Proposed Interim Decision for Chlorothalonil and Implications in Turfgrass Systems

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The U.S. Environmental Protection Agency (EPA) released its Proposed Interim Registration Review Decision for chlorothalonil (Registration Review Case #0097) on November 9, 2023, which contains major changes.


Chlorothalonil is a broad-spectrum, non-systemic (contact) fungicide with multiple
modes of action. It was first registered for turfgrass use in 1966.

. The EPA has approved the use of chlorothalonil to meet the needs of growers and turfgrass mangers for controlling approximately 125 diseases on over 65 crops. It is widely used on cucurbits, peanuts, potatoes, sweet corn, stone fruit, tomatoes, ornamental plants and turfgrass.

The Fungicide Resistance Action Committee (FRAC) lists chlorothalonil as a multi-site fungicide in the chloronitrile chemical group; FRAC Code M05. It is the only compound in this chemical group.

. The risk of turfgrass pathogens developing resistance to multi-site fungicides, including chlorothalonil, is considered low. To date, there are no confirmed reports of turfgrass pathogens developing resistance to multi-site fungicides.

Chlorothalonil is the backbone of many disease management programs in turfgrass and essential to manage fungicide resistance.

Fungicide rotations with chlorothalonil are critical for control of the pathogens which cause dollar spot (Clarireedia spp.), anthracnose (Colletotrichum cereale), and gray leaf spot (Pyricularia oryzae) and to prevent these pathogens from developing resistance to single-site mode of action fungicides.

Dollar spot is a major disease of turfgrass, consistently rated by golf course superintendents as the most problematic disease nationwide. To effectively manage dollar spot, strategic fungicide rotation is essential, which includes the use of chlorothalonil.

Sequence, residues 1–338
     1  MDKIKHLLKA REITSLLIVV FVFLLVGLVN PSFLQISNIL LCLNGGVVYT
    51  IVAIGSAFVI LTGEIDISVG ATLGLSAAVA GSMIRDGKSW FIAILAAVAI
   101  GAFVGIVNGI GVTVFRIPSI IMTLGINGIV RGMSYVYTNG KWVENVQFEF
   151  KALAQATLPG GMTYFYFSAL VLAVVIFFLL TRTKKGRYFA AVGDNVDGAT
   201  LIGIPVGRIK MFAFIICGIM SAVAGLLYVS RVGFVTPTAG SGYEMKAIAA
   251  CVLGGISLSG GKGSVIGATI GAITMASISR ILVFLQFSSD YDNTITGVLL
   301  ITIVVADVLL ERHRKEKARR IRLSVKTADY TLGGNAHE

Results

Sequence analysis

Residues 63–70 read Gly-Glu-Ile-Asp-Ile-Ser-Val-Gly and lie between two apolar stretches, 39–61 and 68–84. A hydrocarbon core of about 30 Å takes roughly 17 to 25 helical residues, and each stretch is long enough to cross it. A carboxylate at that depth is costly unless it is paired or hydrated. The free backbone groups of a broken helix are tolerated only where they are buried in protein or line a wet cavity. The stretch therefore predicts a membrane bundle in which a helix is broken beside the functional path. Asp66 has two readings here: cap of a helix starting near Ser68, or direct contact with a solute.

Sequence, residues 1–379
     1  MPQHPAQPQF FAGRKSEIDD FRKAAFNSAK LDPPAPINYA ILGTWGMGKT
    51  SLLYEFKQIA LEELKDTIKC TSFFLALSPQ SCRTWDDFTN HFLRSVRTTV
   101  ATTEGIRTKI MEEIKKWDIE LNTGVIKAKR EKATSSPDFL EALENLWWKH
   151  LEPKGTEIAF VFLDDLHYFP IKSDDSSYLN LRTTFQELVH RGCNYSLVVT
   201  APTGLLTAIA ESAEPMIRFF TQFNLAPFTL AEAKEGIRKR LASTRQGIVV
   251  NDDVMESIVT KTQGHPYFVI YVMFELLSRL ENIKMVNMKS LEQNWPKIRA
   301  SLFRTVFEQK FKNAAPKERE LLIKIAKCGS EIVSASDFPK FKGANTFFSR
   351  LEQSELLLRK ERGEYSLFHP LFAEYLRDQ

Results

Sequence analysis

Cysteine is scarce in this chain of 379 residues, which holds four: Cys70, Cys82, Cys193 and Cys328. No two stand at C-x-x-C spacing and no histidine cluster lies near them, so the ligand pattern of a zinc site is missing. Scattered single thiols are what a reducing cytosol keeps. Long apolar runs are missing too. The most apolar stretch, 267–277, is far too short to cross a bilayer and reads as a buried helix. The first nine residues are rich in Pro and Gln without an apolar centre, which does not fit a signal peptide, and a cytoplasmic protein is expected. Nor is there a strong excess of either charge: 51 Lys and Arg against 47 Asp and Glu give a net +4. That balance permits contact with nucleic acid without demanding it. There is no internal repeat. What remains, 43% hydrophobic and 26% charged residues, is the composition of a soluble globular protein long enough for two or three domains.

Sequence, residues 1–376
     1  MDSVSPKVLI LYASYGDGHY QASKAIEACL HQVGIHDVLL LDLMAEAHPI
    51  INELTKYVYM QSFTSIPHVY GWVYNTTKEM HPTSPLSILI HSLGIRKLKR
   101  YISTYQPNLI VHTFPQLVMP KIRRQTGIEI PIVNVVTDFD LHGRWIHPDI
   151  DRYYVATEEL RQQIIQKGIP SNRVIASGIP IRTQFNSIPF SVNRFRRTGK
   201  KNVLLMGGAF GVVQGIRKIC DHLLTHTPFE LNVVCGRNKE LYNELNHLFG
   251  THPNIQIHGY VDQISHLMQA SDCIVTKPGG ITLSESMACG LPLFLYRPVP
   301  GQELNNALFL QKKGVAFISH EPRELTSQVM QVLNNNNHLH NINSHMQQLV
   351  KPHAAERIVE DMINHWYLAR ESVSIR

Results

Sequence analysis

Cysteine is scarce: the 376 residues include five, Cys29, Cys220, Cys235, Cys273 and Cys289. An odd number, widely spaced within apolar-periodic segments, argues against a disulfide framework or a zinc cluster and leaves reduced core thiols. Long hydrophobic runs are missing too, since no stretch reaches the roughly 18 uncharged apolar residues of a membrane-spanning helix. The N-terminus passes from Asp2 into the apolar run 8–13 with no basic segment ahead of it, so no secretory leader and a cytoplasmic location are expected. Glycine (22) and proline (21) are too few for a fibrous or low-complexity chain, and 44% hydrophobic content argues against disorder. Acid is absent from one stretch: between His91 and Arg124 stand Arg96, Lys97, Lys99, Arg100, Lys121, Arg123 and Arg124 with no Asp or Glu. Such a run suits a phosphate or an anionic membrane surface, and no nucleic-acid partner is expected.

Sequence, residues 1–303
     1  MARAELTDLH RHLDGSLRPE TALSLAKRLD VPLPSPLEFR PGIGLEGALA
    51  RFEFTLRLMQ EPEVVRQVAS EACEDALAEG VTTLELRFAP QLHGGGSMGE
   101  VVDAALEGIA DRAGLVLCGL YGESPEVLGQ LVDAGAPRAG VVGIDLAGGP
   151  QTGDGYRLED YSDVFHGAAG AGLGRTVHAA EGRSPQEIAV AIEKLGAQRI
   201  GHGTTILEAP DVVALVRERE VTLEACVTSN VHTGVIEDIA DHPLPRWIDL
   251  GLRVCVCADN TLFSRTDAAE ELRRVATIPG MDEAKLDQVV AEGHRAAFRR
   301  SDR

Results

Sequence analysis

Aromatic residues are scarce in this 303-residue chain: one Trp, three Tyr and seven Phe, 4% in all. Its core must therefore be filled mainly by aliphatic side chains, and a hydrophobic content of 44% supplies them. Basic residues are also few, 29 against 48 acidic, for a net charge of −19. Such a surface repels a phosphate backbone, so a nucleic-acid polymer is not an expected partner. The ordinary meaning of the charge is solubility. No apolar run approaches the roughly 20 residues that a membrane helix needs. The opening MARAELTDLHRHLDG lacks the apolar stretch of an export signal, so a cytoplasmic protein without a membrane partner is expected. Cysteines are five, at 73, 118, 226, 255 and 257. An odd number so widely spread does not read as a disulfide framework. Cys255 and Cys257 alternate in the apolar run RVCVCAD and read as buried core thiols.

Additionally, chlorothalonil is an essential component for managing snow mold pathogens and is one of the few active ingredients registered for use in turfgrass to control algae.

Registration Review

Chlorothalonil is undergoing registration review at the EPA. Following extensive review of currently available scientific data, the Agency is seeking public comment on its Proposed Interim Decision (PID). This is the next step in the registration review process, governed by the Federal Insecticide, Fungicide, and Rodenticide Act (FIFRA).

Key Developments

On October 18, 2023, the EPA published its Proposed Interim Decision (PID) for chlorothalonil. Syngenta and others requested a deadline extension, and the comment period now ends January 17, 2024.

While risk exceedance was identified due to consideration of additional groundwater metabolites and updated risk assessment methods, the toxicological properties of chlorothalonil and/or its degradates have not changed.

The EPA identified a potential dietary risk to the health of infants (<1-year-old) from drinking water consumed in baby formula, and the general public and females of reproductive age from drinking water.

Rate reductions proposed in the PID are to mitigate dietary risk and ecological risk estimates. Additionally, interim ecological mitigation language is proposed to mitigate potential impact to endangered species.

Proposed Interim Decision Overview

Positive Conclusions

  • The EPA used best available science to update their groundwater modeling, reducing the estimated risk cup for drinking water.
  • The EPA did not identify any residential handler risk of concern, risk to bystanders or occupational handler risks.
  • The EPA concluded that there was no further need to assess chlorothalonil for endocrine disruption potential for human health.
  • The EPA concluded non-pollinator terrestrial invertebrates are sensitive to chlorothalonil at levels higher than the current labeled maximum use rates.
  • The EPA continues to follow the risk benefits assessment approach for the use of the chlorothalonil which includes the proposed mitigation measures.

Risks Identified

  • The EPA reviewed the available toxicology data on a metabolite of chlorothalonil and determined that it poses a potential dietary risk to the health of females who are of reproductive age if consumed through their diet (drinking water).
  • The EPA expanded the definition of residue for drinking water to include additional metabolites. This expansion led to a risk exceedance for long-term exposure to chlorothalonil and its metabolites for both the general public and infants. This expansion influenced the EPA’s proposed rate reduction for most uses, specifically in areas with a high potential for groundwater contamination.
  • As part of the registration review process, the EPA has more recently identified the need for toxicity studies in honey bees and residue studies in pollen and nectar.